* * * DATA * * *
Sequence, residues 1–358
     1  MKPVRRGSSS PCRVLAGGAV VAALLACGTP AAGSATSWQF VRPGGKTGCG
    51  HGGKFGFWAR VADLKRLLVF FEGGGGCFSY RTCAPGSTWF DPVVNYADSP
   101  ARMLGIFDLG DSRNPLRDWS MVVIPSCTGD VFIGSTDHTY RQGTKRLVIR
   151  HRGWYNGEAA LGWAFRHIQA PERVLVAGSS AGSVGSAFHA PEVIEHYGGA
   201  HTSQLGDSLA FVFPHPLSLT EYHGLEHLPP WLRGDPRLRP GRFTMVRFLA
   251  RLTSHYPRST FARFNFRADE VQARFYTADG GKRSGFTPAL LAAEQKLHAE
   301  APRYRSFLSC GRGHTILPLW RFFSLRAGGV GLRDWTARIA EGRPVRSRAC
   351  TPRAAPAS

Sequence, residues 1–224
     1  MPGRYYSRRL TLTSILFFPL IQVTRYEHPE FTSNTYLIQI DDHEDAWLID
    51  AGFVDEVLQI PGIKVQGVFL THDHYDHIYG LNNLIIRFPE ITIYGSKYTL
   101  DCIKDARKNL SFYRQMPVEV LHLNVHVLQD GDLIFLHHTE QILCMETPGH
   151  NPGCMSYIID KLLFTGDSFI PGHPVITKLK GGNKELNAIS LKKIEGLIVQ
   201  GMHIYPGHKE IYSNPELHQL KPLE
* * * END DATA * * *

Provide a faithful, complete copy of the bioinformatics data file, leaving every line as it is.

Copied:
Sequence, residues 1–358
     1  MKPVRRGSSS PCRVLAGGAV VAALLACGTP AAGSATSWQF VRPGGKTGCG
    51  HGGKFGFWAR VADLKRLLVF FEGGGGCFSY RTCAPGSTWF DPVVNYADSP
   101  ARMLGIFDLG DSRNPLRDWS MVVIPSCTGD VFIGSTDHTY RQGTKRLVIR
   151  HRGWYNGEAA LGWAFRHIQA PERVLVAGSS AGSVGSAFHA PEVIEHYGGA
   201  HTSQLGDSLA FVFPHPLSLT EYHGLEHLPP WLRGDPRLRP GRFTMVRFLA
   251  RLTSHYPRST FARFNFRADE VQARFYTADG GKRSGFTPAL LAAEQKLHAE
   301  APRYRSFLSC GRGHTILPLW RFFSLRAGGV GLRDWTARIA EGRPVRSRAC
   351  TPRAAPAS

Sequence, residues 1–224
     1  MPGRYYSRRL TLTSILFFPL IQVTRYEHPE FTSNTYLIQI DDHEDAWLID
    51  AGFVDEVLQI PGIKVQGVFL THDHYDHIYG LNNLIIRFPE ITIYGSKYTL
   101  DCIKDARKNL SFYRQMPVEV LHLNVHVLQD GDLIFLHHTE QILCMETPGH
   151  NPGCMSYIID KLLFTGDSFI PGHPVITKLK GGNKELNAIS LKKIEGLIVQ
   201  GMHIYPGHKE IYSNPELHQL KPLE